During the late 1940s (…), Sánchez participated regularly in the Cuban visual art landscape, taking part in national salons and significant group art exhibitions. By 1953 Sánchez was the only woman exhibiting with Los Once, that was housed by the Sociedad Cultural Nuestro Tiempo, the cultural arm of the Partido Socialista Popular (Popular Socialist Party, the name used by the Cuban Communist Party at that time).
(…) Usually Sánchez’ artworks have been composed by identical sequential modular structures that are repeated several times without a single variation, creating visual rhythmical arrangements that are enacted and re-enacted in a metaphorical and abstract manner. These suggestive simple forms are associated with feminine sexual body parts, through which Sánchez is proudly embodying and expressing her sexuality. The modular compositions evoke an active Zen-like feeling that is open to flexible transformations and (re)organizations. This combination of a unique spirit and ascetic manifestation of eroticism has led Latin American art historian Martha Traba, in her influential book Two Vulnerable Decades in Latin American Art 1950-1970, to describe Sánchez’ body of work as one enriched by a “dynamic research full of curiosity and passion, one that seeks to transcend the ubiquitous formal search.”1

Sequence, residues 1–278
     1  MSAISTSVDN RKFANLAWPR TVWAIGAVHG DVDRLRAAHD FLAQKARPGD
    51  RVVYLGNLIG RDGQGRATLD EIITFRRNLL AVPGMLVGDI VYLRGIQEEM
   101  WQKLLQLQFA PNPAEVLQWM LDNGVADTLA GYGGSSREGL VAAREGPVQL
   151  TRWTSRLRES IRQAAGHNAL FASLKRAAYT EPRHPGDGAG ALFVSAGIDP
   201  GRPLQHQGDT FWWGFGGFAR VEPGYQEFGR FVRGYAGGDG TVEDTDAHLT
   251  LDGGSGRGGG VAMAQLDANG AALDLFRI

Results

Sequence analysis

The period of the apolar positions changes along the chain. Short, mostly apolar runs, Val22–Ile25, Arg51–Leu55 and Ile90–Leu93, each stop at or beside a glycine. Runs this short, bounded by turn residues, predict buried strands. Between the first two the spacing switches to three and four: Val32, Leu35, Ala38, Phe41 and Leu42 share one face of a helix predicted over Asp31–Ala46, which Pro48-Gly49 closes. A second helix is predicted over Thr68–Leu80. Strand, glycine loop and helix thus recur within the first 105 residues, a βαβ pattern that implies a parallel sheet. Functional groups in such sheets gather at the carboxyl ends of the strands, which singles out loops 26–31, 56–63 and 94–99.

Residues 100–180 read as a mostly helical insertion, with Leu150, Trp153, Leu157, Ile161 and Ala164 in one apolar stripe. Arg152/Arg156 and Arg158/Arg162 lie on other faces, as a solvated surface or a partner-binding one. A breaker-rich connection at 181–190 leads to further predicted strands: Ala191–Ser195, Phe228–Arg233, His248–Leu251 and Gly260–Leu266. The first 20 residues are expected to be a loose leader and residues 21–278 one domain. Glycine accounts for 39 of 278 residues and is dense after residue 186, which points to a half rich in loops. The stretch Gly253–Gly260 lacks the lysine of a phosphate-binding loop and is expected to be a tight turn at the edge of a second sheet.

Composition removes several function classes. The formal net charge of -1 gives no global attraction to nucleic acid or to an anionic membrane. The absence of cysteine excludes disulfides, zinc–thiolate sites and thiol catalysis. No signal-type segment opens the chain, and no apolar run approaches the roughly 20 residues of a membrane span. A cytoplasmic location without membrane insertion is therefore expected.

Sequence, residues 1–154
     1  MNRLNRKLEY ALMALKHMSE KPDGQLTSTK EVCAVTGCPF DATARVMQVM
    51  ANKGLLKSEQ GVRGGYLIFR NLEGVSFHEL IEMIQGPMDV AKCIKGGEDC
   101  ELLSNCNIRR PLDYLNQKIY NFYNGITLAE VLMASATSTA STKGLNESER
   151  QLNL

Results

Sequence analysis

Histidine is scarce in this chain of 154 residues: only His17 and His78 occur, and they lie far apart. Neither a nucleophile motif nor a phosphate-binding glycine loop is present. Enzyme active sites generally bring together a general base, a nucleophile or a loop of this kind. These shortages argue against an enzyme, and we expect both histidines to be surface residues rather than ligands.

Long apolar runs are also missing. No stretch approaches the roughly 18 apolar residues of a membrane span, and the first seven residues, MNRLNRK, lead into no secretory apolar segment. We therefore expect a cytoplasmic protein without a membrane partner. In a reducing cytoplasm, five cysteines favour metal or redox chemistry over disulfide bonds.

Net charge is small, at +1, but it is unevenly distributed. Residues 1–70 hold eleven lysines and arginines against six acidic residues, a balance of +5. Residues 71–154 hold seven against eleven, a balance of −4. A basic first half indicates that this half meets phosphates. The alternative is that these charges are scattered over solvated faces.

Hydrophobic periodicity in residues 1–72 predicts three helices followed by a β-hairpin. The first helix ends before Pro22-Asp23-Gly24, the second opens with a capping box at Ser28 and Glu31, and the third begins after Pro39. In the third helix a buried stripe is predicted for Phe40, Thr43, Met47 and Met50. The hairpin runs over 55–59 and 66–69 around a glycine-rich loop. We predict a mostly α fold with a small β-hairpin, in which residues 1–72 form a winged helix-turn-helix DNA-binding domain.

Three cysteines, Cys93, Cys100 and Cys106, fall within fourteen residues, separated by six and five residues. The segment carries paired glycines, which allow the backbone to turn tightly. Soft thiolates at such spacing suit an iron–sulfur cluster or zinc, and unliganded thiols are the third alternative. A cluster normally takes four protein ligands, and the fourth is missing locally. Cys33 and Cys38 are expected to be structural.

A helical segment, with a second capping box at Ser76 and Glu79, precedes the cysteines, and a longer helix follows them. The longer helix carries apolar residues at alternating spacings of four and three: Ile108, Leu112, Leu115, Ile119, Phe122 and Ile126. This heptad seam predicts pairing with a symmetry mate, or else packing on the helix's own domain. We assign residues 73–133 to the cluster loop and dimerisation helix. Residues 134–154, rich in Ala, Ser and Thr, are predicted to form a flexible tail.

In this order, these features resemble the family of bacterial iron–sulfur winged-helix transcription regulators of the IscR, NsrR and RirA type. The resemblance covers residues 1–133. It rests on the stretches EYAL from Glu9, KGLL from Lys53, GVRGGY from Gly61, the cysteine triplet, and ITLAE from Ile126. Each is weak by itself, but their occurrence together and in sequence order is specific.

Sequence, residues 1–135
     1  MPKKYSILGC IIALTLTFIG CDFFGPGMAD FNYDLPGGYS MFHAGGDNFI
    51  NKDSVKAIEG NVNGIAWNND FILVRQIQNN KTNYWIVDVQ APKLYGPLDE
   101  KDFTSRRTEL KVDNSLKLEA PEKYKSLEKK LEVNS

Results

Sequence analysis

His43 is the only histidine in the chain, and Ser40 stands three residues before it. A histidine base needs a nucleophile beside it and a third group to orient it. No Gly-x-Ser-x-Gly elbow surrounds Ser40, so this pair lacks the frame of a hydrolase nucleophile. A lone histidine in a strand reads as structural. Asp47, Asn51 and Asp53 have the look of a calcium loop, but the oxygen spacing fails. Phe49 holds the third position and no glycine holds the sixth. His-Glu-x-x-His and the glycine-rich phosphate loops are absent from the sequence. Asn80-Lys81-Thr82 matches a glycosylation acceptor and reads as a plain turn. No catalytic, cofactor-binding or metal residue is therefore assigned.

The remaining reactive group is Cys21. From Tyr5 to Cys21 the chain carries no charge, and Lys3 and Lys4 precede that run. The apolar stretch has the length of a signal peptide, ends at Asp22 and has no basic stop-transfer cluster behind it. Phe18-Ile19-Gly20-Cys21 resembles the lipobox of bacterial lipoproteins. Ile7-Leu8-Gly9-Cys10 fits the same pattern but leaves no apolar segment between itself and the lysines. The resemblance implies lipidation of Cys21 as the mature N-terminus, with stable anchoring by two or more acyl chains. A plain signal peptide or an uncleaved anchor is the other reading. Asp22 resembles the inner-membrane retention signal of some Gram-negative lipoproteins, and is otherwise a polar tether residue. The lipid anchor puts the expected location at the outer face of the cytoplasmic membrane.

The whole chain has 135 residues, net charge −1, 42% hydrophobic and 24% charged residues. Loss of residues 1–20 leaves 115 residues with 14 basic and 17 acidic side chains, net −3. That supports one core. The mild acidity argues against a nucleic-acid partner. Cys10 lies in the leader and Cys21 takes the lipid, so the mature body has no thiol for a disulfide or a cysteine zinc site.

(…) Perhaps for those more familiar with Sánchez’ practice, traces of Abstract Expressionism and Tachist works were notably absent. Nonetheless, this survey exhibition served as a great reintroduction of Zilia Sánchez’ body of work to the New York art world, showcasing a cohesive and strong unique voice that has built a personal discourse inside and out of Minimalist theories. This Minimalist Mulata has been galloping around her islands and coming back as the strong force she always has been, a stormy Caribbean Valkyrie.
- Martha Traba: Dos Décadas Vulnerables en las Artes Plásticas Latinoamericanas 1950/1970, Siglo XXI, 1973, Mexico City, p. 174.